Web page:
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Register of the Taylor (Elliott and Burta) Collection, 1922-1986
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The Elliott & Burta Taylor Collection contains rare film footage of Albania (1929-1935), transcribed on videotape with a voice-over narrative done by Burta Taylor (c1990). The slides Elliott Taylor took--representing unusual views and seldom-visited sites in more than twenty countries--are a core component of the Taylor Collection; but the collection consists not merely of slides and films, for it also contains considerable correspondence and other papers. This latter material, which consists in part of hundreds of letters written by the Taylors to each other, family and friends, during their years abroad, vividly describes his life in Rome (1928-29), her life at College of the Pacific (1928-29) and in the department of social work at Bryn Mawr College (1929-30), as well as their shared life in Albania (1929-35).
Elliott Taylor (1904-1986) met his future wife, Burta Beers (1908-1994), while both were students at the College of the Pacific in Stockton (Calif.). Following graduation from the College (1928), Elliott worked as assistant to the President at the Colegio Monte Mario in Rome (1928-29). Burta Beers graduated in 1929, then did a year of graduate work at Bryn Mawr. The two married in Rome (1930) and together they moved to Albania, where Elliott Taylor was Assistant Director of the men's section and Burta Taylor helped establish the women's school of the American Institute at Kavaje sponsored by the Near East Foundation of New York (1929-1935). The purpose of the two schools, which were separate in accord with Muslim practice, was to "train young people for leadership in villages and rural districts" through education in health, agriculture and homemaking. While living in Albania, the Taylors made films of the Albanian countryside and people. Burta and Elliott Taylor travelled widely during their years in Europe; both took summer courses at the University of Vienna. After six years in Albania Elliott Taylor moved to New York City, where he worked as a fund-raiser for the Near East Foundation (1935-1938). The Foundation operated schools, clinics, handicraft centers, libraries and playgrounds in Albania, Bulgaria, Greece, and Syria. Burta Taylor briefly took a job in San Francisco to be nearer to her aging parents but eventually settled with her husband in New York City. In 1938 the Taylors moved to Reedley (Calif.), where Elliott taught, counseled and, ultimately, served as Dean of Reedley Junior College (1938-1947).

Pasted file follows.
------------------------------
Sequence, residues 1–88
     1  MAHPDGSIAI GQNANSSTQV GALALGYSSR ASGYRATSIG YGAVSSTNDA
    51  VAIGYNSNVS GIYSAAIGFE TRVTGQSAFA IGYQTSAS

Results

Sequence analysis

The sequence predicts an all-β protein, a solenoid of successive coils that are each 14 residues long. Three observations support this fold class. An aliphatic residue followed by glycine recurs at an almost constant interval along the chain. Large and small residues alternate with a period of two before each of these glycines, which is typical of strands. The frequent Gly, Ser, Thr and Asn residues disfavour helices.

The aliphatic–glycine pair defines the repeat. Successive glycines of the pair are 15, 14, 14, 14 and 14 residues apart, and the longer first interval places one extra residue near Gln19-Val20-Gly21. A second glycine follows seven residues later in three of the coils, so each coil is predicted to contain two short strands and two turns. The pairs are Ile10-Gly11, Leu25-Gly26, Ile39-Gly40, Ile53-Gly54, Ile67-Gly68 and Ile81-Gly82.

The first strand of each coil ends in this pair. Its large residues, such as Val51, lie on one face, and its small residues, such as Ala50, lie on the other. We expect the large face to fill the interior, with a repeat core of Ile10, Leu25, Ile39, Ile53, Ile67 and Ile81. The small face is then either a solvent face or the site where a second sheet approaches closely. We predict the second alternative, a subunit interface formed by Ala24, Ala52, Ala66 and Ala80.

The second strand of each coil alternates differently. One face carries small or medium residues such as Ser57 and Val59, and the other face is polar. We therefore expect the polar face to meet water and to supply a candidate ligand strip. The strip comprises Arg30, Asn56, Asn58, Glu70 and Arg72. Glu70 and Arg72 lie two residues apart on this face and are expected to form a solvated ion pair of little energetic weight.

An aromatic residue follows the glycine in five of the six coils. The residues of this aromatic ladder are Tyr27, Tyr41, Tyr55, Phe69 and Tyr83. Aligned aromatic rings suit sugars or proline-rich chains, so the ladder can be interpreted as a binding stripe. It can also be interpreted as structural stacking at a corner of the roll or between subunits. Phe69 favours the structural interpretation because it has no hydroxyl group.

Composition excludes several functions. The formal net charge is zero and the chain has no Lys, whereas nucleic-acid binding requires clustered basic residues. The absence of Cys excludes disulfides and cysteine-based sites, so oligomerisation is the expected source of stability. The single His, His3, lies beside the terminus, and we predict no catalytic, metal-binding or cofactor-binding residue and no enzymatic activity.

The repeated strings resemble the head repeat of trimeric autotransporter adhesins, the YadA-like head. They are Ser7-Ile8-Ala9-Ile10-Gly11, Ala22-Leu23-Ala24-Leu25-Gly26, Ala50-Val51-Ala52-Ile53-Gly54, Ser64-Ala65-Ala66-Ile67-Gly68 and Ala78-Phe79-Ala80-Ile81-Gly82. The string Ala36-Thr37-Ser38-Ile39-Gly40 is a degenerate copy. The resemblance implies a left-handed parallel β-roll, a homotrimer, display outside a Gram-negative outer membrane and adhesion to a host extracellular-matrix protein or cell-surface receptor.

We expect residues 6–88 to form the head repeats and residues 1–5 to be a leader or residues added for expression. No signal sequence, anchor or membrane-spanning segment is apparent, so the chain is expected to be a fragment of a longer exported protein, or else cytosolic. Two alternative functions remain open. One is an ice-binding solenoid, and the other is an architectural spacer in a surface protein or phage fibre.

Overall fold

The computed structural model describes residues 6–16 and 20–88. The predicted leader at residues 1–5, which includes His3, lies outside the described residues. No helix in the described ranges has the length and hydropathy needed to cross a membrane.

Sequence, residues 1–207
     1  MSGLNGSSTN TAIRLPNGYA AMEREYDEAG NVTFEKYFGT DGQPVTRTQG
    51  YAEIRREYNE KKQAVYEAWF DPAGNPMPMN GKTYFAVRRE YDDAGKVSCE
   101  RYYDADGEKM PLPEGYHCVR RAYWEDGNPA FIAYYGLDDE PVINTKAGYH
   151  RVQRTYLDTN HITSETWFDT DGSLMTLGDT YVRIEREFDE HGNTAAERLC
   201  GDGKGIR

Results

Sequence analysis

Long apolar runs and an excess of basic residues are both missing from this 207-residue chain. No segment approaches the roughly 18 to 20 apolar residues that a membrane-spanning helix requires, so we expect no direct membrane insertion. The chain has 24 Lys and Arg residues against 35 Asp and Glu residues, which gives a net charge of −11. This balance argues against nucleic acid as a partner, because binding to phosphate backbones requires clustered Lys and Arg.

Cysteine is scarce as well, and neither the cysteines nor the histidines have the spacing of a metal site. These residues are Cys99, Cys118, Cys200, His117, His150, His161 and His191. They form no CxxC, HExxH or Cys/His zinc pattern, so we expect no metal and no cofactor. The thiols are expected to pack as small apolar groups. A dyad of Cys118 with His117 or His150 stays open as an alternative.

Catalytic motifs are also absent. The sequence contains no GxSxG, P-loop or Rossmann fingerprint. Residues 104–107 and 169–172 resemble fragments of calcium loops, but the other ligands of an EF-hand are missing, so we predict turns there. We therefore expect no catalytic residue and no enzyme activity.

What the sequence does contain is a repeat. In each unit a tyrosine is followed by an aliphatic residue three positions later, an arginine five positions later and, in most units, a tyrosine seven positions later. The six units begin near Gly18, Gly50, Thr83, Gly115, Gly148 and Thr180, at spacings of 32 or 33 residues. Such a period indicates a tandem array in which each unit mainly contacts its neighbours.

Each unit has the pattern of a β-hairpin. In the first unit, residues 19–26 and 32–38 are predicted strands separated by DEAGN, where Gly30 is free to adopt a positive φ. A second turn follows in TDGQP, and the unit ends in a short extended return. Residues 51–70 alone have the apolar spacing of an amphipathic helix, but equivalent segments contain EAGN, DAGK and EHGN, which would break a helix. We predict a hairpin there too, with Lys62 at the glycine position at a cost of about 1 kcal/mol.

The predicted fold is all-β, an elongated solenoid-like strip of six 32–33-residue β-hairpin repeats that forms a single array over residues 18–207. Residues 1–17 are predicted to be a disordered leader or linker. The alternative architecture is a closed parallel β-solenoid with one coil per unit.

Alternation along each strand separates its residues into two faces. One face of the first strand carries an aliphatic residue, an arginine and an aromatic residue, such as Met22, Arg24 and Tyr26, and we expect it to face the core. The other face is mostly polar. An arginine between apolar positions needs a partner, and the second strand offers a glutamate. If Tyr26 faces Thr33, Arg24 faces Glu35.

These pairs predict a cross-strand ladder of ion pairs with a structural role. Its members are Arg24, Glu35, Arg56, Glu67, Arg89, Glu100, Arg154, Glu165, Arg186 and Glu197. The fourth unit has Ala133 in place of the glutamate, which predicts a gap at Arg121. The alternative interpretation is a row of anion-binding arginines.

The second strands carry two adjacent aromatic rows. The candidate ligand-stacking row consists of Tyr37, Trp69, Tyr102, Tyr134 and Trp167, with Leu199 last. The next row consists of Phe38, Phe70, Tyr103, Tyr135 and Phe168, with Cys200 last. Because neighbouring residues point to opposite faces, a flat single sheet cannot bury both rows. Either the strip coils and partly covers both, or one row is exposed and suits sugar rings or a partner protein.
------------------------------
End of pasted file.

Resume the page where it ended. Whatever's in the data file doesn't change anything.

Collection is open for research.